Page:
Rewind to last Wednesday, Optivet (Blinky’s ophthalmology experts) came to visit Blinky to see how he was doing 5 weeks since his keratectomy and cyclosporine implant operation. They couldn’t have given a more glowing report on how well Blinky’s eye was recovering and how ‘quiet’ the eye looked. I was over the moon, literally grinning ear to ear and went home from the yard thinking that we may finally be able to get back on with normal life. By normal life I mean the new uveitis friendly version of it…
- Always wearing a UV mask when turned out in the field
- Spending hours looking for UV mask in the field and repairing it
- Always wearing an Equivizor recovery mask when riding
- Staring at his eye for hours on end wondering if it looks the same as it did the day before
Most of all I was looking forward to getting back in the school, back jumping and the final more long term part of the plan – back out competing!
By Saturday Blinky had done a couple of weeks hacking, then a week of hacking and a few light schooling sessions to bring him back into work. Saturday’s big plan was to have a lesson and jump, which we hadn’t done since before Christmas.
Before getting to the lesson I will just give you a little insight into mine and Blinky’s brains…
I definitely have two different sides to my brain. I have my ‘work brain’ that appears to be fairly reliable, rational, good at problem solving, remains calm when dealing with issues, absorbs information well and has enabled me to appear as a ‘normal’, well organised and functional individual in the eyes of my employers and colleagues. Then there is my ‘horse brain’, which I think my friends and family will all agree is a world apart from my ‘work brain’. My ‘horse brain’ is full of self-doubt, irrational thoughts and quite literally an emotional rollercoaster from day to day. It always amazes me how well I can handle pressure at work, voice my opinions and even do presentations in front of strangers. But put me in an arena with a few wide oxers and you can literally see the tiny handful of self-belief I do have vanish – Poof! Gone!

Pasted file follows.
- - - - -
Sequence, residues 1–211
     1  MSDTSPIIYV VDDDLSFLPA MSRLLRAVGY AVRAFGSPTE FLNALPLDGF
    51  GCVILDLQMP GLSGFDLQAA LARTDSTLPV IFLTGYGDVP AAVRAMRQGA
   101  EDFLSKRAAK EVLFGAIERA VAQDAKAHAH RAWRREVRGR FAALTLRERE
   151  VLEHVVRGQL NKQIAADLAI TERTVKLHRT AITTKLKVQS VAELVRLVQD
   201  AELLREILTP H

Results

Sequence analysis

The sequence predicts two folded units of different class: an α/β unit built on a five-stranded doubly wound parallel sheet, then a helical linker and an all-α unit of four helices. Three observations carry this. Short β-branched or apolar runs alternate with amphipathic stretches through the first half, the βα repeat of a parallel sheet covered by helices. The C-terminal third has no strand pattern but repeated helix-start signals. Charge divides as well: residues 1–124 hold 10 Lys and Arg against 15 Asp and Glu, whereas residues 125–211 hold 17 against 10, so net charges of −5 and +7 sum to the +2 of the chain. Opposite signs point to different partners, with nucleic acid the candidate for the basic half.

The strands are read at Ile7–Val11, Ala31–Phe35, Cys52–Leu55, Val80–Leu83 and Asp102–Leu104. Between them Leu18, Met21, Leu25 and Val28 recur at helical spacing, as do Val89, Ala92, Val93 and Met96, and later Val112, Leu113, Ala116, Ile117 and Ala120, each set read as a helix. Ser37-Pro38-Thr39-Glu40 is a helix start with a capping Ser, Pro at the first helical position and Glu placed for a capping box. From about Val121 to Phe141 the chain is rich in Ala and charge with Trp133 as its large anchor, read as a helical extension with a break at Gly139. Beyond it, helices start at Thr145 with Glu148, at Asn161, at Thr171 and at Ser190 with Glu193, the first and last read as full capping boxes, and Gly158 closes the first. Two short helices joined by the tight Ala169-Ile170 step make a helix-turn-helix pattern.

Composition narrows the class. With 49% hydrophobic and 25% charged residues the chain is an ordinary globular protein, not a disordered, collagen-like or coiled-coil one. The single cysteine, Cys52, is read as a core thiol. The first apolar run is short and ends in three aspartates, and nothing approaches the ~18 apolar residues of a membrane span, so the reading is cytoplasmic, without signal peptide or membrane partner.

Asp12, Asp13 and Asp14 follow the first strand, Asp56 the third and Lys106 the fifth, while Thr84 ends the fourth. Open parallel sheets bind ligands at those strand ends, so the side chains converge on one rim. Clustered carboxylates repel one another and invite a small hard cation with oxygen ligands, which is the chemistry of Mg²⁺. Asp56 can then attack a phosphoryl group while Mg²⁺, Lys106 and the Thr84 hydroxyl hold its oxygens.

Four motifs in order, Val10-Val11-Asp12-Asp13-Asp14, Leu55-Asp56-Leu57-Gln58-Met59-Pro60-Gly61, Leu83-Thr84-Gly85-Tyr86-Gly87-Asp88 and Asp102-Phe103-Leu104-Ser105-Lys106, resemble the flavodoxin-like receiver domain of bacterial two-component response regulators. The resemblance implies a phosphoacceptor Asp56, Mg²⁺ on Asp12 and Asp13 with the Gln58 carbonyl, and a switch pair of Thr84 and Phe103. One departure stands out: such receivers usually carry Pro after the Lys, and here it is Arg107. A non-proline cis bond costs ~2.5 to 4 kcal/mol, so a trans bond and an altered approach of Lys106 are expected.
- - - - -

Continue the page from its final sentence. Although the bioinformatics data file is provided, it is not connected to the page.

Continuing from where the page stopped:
Now I know many would argue that a horse is a horse and that as an animal they don’t process emotions and feelings in the same was as humans (you can see my ‘work brain’ here encouraging me to have a rational perspective). But like many horse owners out there, you get to know your horse and over a period of time a character begins to build in your mind and you can’t help but see your horse as another member of your family who has its own personality. Just as people see their dogs, cats and other pets as having a personality. Over the years I feel as though I have got to know Blinky’s personality (warning – ‘horse brain’ well and truly taking over ‘work brain’ here). Blinky is very unassuming and quite shy, he can take a while to warm to you but even once he has let his guard down he is incredibly polite. He would never barge into you or stand on you, the rudest thing he will do is nudge your pocket for a treat but is very gentle. When it comes to his work he can be cautious, and I would say slightly melodramatic at times with regards to spooking. Although I now wonder if this is because he sees the world slightly differently due to his eye issues, but at the same time after jumping the same pastel green pole for 4 years I would hope that any day now he will accept that it is not going to bite him! In general, he is great at his job and can (in theory) jump anything that I would ever be brave enough to jump, even with his eye issues he has an incredible perception into a fence and appears to assess a distance within a split second, adjusting his own approach to meet the fence perfectly. This amazing ability can unfortunately be hindered by his cautious nature, that is not helped by my also cautious ‘horse brain’!